The number of options in the port is abysmal. You can change the screen or sound settings, or save, load or enable auto save. In this version, the developers decided to add this forced blurred graphical filter on top of everything, which can be really hard on the eyes after a bit. Sadly, there is no way to turn this filter off. The only changeable screen options consist of adjusting the picture or having it display in “yoko” or “tate.” (Yoko is a form of vertical letterboxing where the screen has been scaled down to fit a TV sitting normally, and tate which allows the picture cover the entire screen similar to the arcade version.) To accomplish this, the game renders the screen display at a 90 degree angle, which means that to properly enjoy playing in tate mode; the player will have to physically rotate their TV on its side. Additionally, the previous Cave ports for the PlayStation 2, Dodonpachi Daioujou and Espgaluda featured 240p modes, which showed scanlines for an authentic arcade experience. This is feature is not present in Mushihime-sama.
Moving past the number of available options, the real reason for the port is to play the arcade game at home! Unfortunately the PlayStation 2 port of Mushihimesama is a rather disappointing. The game itself is playable, but it’s also pretty broken being far from an “arcade-perfect” release with an abysmal 70-75% slowdown accuracy. For example, in the PlayStation 2 port, maniac stage 3 runs much faster than in the arcade version, making it incredibly harder to properly score the stage. And in maniac stage 5 of the port, crucial slowdown against the midboss just isn’t there. It is even worse in Ultra mode, where the game seems to either run too fast, or is plagued with so much slowdown that everything seems to be stuck in molasses. These issues, while possibly tolerable, make scoring runs incredibly more difficult due to the precise shot timing required for high scores. Possibly in a means to this, Outside of the speed issues, certain enemies bullet patterns have been changed (most notable on the stage 4 boss). The scoring, power-up and difficulty settings in the arcade version are still present here. But these issues do not render the game itself unplayable; it is only when compared to its source material this game becomes an inferior, rather than an equal or enhanced version of the original game.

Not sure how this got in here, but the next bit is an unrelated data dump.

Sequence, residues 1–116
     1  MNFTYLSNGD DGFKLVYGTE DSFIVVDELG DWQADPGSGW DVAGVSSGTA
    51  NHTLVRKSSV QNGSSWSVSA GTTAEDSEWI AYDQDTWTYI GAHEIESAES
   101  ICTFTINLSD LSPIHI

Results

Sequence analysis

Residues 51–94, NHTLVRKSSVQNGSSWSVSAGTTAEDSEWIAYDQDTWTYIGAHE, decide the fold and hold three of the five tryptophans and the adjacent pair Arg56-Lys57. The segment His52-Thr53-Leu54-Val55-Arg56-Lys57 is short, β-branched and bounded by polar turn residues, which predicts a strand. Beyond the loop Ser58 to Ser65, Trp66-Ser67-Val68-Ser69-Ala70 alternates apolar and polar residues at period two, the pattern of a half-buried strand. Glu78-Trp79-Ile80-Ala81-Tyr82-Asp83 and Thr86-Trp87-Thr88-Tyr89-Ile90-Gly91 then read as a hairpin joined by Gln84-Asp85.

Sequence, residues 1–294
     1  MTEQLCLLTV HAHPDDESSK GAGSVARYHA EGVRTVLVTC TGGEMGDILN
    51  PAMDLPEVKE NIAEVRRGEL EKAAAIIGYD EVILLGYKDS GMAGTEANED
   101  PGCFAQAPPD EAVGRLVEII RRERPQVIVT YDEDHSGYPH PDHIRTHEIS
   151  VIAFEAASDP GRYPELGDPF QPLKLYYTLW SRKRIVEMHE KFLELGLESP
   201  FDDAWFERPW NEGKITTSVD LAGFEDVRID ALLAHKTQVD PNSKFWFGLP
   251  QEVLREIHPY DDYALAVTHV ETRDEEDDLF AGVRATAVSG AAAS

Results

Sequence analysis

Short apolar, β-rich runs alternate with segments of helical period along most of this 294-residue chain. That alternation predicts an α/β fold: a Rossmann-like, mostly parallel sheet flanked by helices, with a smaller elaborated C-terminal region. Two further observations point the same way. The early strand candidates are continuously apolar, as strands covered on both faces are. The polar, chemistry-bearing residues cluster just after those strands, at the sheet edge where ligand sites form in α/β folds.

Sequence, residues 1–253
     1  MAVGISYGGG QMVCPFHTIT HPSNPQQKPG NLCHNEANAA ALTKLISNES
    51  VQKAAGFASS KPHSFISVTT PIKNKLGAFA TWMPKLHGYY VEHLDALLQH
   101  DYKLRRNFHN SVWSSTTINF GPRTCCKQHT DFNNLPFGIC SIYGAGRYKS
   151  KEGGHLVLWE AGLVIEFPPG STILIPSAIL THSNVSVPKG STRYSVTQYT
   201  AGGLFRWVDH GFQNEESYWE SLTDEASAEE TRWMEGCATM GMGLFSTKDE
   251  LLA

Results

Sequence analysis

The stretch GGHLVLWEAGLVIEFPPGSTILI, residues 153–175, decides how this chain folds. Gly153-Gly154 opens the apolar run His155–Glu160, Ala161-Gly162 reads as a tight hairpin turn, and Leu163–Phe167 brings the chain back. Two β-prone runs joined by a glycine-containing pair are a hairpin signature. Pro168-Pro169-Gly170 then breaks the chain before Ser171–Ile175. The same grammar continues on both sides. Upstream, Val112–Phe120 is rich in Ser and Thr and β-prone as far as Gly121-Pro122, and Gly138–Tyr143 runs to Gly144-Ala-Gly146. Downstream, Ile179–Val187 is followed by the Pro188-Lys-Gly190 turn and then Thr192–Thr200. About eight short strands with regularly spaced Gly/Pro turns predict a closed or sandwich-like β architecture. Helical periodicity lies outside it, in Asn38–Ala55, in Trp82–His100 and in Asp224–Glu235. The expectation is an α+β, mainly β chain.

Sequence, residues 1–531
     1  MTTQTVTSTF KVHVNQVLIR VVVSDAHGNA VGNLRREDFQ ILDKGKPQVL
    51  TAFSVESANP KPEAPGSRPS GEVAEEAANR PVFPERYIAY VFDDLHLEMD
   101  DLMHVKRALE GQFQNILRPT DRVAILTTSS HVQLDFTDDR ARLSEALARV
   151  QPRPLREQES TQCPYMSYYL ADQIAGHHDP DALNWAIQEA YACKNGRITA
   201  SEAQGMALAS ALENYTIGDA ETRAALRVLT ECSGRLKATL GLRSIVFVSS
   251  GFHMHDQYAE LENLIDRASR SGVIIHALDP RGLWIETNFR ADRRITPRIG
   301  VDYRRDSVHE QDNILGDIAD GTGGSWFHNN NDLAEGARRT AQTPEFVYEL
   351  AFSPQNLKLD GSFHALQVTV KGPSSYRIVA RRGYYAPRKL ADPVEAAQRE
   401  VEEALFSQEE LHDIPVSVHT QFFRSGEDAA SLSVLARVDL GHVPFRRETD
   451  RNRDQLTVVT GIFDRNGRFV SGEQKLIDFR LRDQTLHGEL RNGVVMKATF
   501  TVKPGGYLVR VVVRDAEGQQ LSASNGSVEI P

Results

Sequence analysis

The other playable mode, Arrange isn’t so much an “enhanced” version of Mushihime-sama, but more of a different version of the game. The arrange mode is just that, an arranged version of the standard Mushihimesama game, which seems to be based on the maniac mode of the original game. Because of the curation, there is no difficulty selection when starting a game, instead the player goes straight to the starting shot select screen. In Arrange mode, Reco can now have a maximum of 6 options, up from 4 in the original mode. She also starts with all 6 options in the formation mode at the start of the game, making the first two stages little more than an extended tutorial to get used to the weapon switching mechanic. In the Arrange mode, Reco no longer has to wait for a powerup to change into a certain shot type; instead she can cycle through the S, W, and M powers with the push of a button. Sadly, she doesn’t start the game with a max level shot, and instead will have to achieve it through traditional means, as losing all Reco’s lives results in a game over. There are no continues in Arrange mode. The Arrange mode does contain remixed tracks for all 5 stages and boss battles.